Keep investing for the long term

This year has provided a strong reminder of why young people should stay invested for the long term rather than panic in and out of the market.

You might think that with a global pandemic and an extreme recession the stock market would have suffered this year. Indeed the market tanked sharply in late February and early March.

However, stocks have since recovered and went on to reach all-time highs. 

If you think the opportunity in stocks is over as a result, keep in mind that the market does not all move as one.

For example, on the day Pfizer announced encouraging news about its coronavirus vaccine, stocks associated with isolating at home – think Peloton and Zoom, for example – took a steep hit, while many other sectors of the market rallied.

The point is, even in an up market opportunities are always shifting. And, a down market is a good time to buy stocks cheap.

Staying invested gives you a chance to capture both types of opportunities.

Rebuild your emergency fund

An emergency fund is money kept in something like a savings account or money market account that gives you immediate access when needed.

Many people have had to tap into these emergency reserves in 2020 to pay the rent, keep up with health insurance payments or meet unexpected needs.

Assuming the economy starts to recover as vaccines are distributed, 2021 would be a good time to restore your emergency fund. 

The next emergency may not be as dire as a global pandemic, but there’s always another financial setback lurking somewhere around the corner.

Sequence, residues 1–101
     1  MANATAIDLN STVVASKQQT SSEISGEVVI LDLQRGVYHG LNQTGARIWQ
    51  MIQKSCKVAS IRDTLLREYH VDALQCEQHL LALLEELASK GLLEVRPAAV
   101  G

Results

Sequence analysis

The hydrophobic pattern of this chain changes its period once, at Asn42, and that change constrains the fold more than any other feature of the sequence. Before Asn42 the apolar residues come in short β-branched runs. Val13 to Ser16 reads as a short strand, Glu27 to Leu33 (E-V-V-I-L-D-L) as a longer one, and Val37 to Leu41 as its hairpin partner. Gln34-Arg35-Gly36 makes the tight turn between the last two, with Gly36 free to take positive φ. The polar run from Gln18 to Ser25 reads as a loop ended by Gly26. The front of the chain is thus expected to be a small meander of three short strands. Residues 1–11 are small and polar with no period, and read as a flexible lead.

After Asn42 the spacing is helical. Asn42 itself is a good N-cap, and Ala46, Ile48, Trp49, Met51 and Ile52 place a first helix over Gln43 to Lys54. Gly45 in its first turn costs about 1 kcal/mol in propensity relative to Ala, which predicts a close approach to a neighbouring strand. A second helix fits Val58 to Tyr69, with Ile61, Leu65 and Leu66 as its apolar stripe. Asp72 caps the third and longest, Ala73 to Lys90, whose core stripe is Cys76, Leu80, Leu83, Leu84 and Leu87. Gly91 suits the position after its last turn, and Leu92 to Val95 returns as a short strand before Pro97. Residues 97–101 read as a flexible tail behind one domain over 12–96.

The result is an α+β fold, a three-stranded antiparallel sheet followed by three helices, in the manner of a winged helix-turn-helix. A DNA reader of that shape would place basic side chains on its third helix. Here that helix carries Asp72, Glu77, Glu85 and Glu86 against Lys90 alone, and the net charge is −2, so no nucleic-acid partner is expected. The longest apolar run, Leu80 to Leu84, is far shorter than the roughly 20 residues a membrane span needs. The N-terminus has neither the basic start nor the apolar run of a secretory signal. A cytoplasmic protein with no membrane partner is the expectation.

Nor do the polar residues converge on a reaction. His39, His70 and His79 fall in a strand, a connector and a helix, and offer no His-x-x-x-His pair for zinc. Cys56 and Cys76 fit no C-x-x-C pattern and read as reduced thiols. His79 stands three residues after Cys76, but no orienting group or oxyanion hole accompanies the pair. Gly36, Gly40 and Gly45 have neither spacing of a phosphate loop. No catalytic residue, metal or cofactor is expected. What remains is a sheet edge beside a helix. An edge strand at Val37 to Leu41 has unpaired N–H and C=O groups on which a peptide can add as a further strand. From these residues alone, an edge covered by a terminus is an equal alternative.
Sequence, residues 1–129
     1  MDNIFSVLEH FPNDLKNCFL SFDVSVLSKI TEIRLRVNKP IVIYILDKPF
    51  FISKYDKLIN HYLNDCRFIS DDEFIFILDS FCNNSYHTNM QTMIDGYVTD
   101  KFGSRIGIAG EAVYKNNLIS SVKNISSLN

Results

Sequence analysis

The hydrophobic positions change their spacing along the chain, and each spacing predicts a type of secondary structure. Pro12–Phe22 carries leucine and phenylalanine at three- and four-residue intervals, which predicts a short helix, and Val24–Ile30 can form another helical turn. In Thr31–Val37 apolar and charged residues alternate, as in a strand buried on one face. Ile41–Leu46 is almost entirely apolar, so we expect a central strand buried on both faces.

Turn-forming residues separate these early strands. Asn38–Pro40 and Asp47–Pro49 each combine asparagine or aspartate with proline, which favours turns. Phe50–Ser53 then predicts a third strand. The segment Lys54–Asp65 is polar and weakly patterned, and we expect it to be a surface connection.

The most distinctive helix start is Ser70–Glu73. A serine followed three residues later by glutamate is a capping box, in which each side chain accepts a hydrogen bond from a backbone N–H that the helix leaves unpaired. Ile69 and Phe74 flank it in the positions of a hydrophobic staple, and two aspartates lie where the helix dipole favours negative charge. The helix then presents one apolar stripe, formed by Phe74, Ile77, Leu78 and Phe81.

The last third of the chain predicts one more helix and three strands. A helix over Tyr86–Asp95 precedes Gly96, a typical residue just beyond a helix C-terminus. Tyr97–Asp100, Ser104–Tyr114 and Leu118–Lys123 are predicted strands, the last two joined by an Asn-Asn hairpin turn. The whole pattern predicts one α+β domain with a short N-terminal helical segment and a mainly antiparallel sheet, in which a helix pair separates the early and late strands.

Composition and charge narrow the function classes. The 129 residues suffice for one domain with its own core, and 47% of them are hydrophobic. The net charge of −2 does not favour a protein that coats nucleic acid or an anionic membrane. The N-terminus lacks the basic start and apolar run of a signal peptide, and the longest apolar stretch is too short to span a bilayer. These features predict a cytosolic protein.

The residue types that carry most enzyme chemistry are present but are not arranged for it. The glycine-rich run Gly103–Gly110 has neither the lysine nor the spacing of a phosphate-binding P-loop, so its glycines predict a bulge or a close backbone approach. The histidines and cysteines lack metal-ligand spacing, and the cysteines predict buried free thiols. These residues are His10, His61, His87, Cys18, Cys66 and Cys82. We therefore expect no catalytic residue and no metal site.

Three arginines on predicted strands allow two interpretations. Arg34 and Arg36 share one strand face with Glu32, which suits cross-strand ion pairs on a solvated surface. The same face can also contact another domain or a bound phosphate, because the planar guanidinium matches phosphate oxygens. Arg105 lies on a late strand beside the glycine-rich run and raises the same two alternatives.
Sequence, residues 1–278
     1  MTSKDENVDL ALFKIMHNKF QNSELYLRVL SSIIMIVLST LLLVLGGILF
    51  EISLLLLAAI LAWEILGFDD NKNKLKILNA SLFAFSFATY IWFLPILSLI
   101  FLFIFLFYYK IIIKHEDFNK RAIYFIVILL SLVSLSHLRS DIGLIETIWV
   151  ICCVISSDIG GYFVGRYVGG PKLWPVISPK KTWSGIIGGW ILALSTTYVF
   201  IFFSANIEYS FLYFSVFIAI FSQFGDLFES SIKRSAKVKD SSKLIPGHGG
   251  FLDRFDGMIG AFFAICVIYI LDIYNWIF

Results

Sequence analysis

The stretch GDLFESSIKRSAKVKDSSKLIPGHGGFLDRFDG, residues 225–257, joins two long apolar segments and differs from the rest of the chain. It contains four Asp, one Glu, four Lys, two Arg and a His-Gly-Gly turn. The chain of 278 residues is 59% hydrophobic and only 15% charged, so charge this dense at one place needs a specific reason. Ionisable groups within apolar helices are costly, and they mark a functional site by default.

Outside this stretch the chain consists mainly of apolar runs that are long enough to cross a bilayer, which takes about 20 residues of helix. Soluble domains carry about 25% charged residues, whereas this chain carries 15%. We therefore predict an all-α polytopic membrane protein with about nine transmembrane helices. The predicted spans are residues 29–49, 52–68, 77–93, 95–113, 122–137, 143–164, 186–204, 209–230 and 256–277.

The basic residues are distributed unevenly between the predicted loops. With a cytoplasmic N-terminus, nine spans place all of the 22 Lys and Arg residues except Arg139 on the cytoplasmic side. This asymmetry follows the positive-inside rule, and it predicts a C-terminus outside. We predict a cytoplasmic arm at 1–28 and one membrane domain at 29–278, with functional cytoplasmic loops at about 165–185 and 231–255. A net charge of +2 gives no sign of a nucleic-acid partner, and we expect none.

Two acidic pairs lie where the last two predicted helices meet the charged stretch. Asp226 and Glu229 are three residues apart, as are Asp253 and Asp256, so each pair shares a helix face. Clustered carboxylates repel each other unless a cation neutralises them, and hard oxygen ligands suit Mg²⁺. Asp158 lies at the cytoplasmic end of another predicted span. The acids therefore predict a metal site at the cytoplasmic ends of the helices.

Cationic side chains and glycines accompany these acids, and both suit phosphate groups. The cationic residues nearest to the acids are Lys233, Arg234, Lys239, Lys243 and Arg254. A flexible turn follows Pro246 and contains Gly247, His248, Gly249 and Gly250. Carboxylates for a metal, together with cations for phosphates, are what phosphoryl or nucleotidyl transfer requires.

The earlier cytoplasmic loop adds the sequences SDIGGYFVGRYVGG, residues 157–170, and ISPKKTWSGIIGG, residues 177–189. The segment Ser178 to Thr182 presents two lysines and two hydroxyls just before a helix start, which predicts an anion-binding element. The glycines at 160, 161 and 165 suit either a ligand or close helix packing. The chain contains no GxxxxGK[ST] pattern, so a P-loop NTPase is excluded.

Seek help if you’re struggling with student loan payments

If you’re having trouble with your student debt, don’t simply skip payments. This will damage your credit score and just add to the problem by adding interest and penalties to the amount you owe.

Reach out to your lender to work out a plan for repaying your debt. Especially if your student loan is federally backed (and most of them are) there are programs that can help you keep up.

These programs range from temporary payment delays to income-based payment programs. However, you won’t be able to take advantage of these programs unless you request them.

Fight back against falling interest rates

For the many young people who’ve been able to save money this year, a sour note is that savings have been earning less and less as interest rates have plunged.

However, there are huge differences in what savings accounts and other deposit products pay in interest. By shopping around, you can probably raise your interest rates even as most rates are falling. 

In particular, online banking typically offers a clear rate advantage over traditional, branch-based accounts. It generally offers cheaper checking accounts as well. 

So if you’re not already banking online, now’s the perfect time to try. After all, online banking is a smart move given ongoing health concerns, and it pays.


The study was conducted through Google Surveys on behalf of MyBankTracker from November 4-8, 2020 with 1,001 respondents in the United States ages 25-34 with a standard deviation of +/- 7.4%.